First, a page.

Nanny program forces Filipino families apart

Posted by admin on Aug 17th, 2006

Nanny program forces Filipino families apart. Georgia Straight. Publish Date: August 17, 2006

Albert Lopez hasn’t stopped missing his mom. He was only six when she left the Philippines to work as a caregiver in the desert kingdom of Bahrain. From there, she eventually moved to Canada as a nanny under the Live-in Caregiver Program (LCP). When she acquired immigrant status, she petitioned to bring the whole family to Canada. When Albert met her again, he was already 12 years old.

It’s a story that was supposed to have a storybook ending””the family makes up for lost time and lives happily ever after””except that this wasn’t the case. “We [had] been separated for too long. It was difficult for us to be close again,”Albert, now 22, told the Georgia Straight.

It didn’t help that although his mother no longer worked as a nanny, she had to juggle low-paying jobs. Because of health problems, his father stopped working a few years after arriving in Canada.

“She leaves the house at 5 a.m. She comes back at 4 p.m. She’s out again by 5 p.m. and comes home at 1 a.m. There is no time for us to build a relationship,” Albert said.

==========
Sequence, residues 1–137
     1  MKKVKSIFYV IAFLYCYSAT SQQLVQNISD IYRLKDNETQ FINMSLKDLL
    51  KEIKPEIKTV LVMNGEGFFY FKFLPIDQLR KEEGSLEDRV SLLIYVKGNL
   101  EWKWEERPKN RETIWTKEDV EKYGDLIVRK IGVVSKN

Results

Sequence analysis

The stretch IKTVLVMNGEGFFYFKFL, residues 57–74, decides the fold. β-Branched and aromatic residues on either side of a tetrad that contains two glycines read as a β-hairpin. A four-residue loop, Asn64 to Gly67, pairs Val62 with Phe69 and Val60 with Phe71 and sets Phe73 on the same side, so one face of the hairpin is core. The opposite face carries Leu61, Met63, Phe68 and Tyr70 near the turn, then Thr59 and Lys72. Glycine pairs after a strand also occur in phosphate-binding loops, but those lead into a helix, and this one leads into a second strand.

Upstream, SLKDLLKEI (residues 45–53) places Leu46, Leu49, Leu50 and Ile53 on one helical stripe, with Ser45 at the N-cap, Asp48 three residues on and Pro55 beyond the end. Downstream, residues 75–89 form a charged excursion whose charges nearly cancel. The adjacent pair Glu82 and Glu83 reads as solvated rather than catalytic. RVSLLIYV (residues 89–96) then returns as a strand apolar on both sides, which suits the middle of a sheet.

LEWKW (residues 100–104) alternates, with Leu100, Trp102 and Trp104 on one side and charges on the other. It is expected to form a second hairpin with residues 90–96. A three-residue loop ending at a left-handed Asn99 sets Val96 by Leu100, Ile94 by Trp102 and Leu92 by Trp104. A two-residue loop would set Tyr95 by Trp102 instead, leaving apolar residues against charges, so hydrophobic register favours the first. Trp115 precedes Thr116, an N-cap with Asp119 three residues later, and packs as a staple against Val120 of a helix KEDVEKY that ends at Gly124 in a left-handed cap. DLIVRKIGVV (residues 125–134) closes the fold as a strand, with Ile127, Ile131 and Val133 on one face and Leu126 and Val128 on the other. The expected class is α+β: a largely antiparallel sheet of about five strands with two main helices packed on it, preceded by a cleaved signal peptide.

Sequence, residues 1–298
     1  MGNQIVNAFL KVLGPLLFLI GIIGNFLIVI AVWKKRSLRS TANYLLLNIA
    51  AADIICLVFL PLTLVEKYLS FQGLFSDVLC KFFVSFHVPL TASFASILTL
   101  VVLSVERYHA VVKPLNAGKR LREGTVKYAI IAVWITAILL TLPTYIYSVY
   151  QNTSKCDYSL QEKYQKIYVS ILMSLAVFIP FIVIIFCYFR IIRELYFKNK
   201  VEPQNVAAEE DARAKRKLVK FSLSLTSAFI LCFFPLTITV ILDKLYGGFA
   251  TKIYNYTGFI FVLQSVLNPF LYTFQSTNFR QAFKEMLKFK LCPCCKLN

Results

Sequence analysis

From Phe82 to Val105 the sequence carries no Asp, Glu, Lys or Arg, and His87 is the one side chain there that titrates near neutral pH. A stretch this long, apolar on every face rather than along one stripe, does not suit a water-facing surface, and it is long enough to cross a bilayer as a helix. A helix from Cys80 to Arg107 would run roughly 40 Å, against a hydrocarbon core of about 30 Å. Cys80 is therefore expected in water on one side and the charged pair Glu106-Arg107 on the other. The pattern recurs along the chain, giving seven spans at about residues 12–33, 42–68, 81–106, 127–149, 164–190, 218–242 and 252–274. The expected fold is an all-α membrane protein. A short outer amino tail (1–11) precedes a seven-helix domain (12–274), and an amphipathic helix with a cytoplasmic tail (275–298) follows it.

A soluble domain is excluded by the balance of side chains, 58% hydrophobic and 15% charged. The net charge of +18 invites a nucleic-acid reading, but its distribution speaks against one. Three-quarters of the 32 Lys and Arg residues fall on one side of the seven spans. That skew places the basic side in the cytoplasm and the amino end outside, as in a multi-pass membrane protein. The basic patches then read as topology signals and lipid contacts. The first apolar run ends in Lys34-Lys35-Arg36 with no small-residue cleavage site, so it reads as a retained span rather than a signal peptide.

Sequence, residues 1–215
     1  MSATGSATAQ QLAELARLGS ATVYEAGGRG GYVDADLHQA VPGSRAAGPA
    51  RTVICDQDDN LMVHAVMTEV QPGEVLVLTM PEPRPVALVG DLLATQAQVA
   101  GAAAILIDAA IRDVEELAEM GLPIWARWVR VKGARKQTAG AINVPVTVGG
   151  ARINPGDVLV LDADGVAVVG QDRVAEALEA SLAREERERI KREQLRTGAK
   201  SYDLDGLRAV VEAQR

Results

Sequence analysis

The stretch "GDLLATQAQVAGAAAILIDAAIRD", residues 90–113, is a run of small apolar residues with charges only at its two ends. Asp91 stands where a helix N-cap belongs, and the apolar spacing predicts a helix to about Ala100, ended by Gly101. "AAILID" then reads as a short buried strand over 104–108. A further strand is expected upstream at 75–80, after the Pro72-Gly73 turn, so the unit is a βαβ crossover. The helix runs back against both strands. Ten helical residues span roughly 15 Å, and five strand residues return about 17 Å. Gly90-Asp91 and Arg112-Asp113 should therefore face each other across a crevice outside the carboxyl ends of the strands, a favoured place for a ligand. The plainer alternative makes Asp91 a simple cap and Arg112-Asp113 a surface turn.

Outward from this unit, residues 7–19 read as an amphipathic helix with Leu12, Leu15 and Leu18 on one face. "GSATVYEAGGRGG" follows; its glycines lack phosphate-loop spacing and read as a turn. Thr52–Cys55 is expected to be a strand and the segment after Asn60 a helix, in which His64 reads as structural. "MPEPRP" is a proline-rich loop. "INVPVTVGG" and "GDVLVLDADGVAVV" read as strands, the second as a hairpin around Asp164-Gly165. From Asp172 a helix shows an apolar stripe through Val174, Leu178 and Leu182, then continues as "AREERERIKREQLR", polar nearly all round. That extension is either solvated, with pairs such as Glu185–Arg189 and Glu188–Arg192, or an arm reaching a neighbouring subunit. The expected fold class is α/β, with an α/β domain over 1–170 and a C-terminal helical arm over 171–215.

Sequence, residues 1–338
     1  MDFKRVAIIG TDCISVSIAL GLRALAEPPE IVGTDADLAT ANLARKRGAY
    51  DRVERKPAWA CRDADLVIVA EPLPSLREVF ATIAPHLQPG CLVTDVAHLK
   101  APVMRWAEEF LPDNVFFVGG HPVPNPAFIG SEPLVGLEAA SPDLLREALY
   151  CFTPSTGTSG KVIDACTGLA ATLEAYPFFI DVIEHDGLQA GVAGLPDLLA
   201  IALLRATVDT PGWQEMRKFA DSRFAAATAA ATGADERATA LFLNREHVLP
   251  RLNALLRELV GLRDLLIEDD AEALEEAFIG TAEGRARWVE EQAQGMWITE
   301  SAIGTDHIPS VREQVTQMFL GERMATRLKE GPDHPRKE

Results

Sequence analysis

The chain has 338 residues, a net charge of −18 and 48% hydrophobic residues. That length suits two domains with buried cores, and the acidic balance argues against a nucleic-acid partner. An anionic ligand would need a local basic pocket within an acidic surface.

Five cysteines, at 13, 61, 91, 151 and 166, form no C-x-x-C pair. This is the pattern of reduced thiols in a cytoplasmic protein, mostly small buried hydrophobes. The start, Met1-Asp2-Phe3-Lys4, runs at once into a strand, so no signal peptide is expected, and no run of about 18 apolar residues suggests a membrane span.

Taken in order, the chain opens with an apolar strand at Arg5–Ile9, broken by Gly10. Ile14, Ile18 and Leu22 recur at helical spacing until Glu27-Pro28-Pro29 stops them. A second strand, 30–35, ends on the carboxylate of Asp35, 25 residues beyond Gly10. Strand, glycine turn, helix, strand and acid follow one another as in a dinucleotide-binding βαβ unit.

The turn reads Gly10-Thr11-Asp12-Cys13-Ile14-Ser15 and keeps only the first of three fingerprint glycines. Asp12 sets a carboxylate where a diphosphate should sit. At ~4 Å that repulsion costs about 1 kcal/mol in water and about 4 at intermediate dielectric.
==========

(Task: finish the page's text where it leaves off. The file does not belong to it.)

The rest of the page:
When Albert started to encounter problems in secondary school, there was no one to turn to for support. He later dropped out of high school.

His story isn’t an isolated one.

A study conducted by a UBC professor suggests that families that have been separated and reunited under the LCP discover that their much-anticipated reunion has simply opened up a new chapter of separation.

Geography professor Geraldine Pratt said in an interview that LCP reunification has become a “recipe for disaster”.

“It’s a stressful experience, with members of the family experiencing migration at different stages and with different expectations,” said Pratt, who has done previous studies on the LCP as part of her research on labour migration.

Through family interviews and data from the B.C. Ministry of Education, the study looked at the lives of the children, particularly their educational and occupational success in Canada, because “so many of the hopes of migration are tied to children’s education and future well-being.”

Pratt tracked four groups of children who began secondary school in Grade 8 in the Vancouver region in 1995, 1996, 1997, and 1998.